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Just because an employee is partially to blame for his or her own dismissal does not make it fair. In one case that made that point, a university professor won the right to compensation after a personality clash with his boss led to the loss of his job (Allen v Queen Mary University of London).
The professor, Dr John Frederick Allen, was opposed to his superior's plans to restructure the department in which he worked at Queen Mary University of London. He and a colleague wrote a letter which was highly critical of his boss and which appeared in a widely respected journal. An Employment Tribunal (ET) found that the letter was misleading. It seriously impacted on his superior's reputation and affected other academics working in the department.
After Dr Allen went on sabbatical leave, he returned to find that all his previous teaching assignments had been withdrawn. He lodged a formal grievance and refused to take up alternative teaching work. Following an investigation and disciplinary process, he was summarily dismissed.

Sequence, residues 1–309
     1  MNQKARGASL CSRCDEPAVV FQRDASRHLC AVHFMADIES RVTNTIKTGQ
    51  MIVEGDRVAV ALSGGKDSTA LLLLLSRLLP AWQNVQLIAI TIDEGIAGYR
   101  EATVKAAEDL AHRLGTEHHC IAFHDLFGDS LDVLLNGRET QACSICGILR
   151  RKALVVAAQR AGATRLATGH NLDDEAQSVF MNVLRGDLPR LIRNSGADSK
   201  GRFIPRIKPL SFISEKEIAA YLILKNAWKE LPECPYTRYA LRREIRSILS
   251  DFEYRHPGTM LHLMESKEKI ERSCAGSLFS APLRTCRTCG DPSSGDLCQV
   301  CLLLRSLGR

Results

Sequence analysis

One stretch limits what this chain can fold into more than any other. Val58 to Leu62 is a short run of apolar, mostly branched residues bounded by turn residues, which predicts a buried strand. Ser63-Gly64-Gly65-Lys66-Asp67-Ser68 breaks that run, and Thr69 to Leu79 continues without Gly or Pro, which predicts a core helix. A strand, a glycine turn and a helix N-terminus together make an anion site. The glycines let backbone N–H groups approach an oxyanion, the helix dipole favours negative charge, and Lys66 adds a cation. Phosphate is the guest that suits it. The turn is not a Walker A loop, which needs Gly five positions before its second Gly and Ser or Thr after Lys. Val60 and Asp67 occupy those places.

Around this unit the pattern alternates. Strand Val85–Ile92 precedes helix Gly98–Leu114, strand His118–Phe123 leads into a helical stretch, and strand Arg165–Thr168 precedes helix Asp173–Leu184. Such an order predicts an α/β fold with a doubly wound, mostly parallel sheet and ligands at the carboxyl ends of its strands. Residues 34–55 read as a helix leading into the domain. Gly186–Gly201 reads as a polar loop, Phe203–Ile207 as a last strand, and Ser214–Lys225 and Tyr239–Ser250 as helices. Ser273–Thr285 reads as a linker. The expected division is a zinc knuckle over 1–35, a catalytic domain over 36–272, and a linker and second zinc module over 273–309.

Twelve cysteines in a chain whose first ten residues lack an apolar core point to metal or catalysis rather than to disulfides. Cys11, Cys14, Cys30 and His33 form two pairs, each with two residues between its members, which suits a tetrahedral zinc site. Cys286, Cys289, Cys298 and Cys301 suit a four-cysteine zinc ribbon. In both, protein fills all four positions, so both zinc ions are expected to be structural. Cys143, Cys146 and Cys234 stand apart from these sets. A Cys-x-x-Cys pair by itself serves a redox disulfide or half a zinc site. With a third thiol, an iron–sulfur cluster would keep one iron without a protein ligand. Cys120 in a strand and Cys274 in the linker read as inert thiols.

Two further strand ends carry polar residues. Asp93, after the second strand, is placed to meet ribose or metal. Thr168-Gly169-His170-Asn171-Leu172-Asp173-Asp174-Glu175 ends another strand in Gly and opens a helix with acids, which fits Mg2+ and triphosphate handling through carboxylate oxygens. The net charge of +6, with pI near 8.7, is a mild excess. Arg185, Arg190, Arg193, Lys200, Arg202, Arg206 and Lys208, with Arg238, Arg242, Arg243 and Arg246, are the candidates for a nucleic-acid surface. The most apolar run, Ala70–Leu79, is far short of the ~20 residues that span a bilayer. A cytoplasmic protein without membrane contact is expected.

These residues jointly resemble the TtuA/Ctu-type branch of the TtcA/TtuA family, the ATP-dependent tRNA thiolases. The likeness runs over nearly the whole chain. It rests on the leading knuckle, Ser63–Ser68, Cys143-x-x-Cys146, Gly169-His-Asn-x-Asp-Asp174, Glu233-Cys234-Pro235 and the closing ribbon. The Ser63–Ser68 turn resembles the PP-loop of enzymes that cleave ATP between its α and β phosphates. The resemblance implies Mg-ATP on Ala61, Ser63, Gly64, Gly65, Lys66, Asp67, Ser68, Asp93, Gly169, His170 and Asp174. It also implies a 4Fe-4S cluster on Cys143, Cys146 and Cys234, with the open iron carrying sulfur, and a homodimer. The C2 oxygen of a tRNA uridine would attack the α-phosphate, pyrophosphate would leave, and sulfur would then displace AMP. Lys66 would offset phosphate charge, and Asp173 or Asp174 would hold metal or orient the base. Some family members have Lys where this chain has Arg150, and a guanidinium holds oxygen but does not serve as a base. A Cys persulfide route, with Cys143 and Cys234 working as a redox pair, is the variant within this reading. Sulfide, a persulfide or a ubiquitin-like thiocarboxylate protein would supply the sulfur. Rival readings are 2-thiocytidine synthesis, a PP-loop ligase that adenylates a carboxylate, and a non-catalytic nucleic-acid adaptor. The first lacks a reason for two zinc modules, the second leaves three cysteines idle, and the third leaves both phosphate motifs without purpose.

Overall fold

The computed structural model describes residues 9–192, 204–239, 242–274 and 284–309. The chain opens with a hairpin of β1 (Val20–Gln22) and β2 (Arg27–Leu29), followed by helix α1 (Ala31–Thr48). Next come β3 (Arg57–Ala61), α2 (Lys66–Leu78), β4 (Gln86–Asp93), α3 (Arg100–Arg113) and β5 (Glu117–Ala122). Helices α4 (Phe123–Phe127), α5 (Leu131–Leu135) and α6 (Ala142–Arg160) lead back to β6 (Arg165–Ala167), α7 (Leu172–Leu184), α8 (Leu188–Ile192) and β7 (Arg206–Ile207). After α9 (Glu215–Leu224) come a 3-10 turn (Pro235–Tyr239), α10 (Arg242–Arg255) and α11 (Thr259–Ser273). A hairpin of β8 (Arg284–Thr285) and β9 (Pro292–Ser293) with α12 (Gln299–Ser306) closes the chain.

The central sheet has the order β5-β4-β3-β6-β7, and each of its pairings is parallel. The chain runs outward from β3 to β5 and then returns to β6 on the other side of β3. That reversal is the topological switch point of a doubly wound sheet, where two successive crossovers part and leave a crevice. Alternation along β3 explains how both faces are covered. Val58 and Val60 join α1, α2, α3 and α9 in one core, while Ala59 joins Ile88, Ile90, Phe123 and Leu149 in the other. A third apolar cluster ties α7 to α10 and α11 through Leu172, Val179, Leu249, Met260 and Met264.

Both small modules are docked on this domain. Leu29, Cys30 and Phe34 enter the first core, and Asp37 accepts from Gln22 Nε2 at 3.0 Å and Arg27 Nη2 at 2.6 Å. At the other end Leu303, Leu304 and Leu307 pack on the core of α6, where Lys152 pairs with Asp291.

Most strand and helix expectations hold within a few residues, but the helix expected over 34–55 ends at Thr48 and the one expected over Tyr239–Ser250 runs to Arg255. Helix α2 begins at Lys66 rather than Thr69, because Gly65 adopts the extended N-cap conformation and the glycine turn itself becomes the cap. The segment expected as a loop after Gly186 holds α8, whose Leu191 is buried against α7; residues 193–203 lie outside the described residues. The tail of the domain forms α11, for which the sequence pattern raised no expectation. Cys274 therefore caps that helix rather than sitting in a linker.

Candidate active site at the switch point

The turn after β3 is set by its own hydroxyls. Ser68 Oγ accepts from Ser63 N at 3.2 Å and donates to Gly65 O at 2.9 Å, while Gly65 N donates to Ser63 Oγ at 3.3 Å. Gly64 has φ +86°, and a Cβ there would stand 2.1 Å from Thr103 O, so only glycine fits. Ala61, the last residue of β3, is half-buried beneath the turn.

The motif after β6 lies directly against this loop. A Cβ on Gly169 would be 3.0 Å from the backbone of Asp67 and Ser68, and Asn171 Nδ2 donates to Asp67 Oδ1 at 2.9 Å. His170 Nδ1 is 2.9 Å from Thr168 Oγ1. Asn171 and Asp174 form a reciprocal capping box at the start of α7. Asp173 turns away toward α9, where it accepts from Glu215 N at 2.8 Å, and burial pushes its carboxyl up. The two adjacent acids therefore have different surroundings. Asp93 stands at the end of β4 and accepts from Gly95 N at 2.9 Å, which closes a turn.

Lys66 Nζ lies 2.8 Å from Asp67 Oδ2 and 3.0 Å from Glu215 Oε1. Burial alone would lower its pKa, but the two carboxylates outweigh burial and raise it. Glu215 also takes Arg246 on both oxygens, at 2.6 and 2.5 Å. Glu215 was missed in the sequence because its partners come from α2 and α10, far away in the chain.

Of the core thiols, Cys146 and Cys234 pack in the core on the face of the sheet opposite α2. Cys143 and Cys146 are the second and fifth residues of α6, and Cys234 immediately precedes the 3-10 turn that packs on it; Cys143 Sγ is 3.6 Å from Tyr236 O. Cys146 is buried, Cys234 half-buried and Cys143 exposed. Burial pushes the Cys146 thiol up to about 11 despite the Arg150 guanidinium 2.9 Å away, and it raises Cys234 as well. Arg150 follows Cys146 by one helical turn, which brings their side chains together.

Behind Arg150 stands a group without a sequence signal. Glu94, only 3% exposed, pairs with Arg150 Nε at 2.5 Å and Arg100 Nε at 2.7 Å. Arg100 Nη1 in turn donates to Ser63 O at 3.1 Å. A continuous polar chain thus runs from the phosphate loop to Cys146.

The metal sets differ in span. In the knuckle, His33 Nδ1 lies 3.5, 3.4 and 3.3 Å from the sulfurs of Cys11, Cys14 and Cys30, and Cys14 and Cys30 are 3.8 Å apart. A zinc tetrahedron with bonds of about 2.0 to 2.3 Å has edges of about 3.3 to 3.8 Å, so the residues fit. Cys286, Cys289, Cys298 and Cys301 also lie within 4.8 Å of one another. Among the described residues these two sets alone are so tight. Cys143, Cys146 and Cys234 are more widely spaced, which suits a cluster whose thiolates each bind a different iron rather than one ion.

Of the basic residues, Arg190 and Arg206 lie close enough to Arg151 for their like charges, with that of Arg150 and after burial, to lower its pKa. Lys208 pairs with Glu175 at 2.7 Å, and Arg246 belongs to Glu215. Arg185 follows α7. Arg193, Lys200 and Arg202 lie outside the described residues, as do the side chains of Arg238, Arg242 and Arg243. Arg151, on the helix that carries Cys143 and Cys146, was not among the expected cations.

In ruling Dr Allen's dismissal unfair, the ET criticised the University's handling of the matter. Amongst other things, it had failed to consult him properly and had unreasonably delayed dealing with his grievance. However, the ET found that he had contributed to his dismissal by 100 percent and refused to make either a basic or compensatory award.
In upholding his challenge to that decision, the Employment Appeal Tribunal (EAT) found that the ET had failed to give adequate reasons for the latter decision. The refusal to award compensation was at odds with the serious criticisms made of the University and it could not be said that Dr Allen was wholly responsible for his dismissal. There had clearly been fault on both sides.
Exercising its own discretion, the EAT found that his compensation award should be reduced by 25 per cent to take account of the chance that, had correct procedures been followed, he could have been fairly dismissed. A further one-third reduction was also required to reflect his contributory fault.
The amount of the award will be calculated by a freshly constituted ET.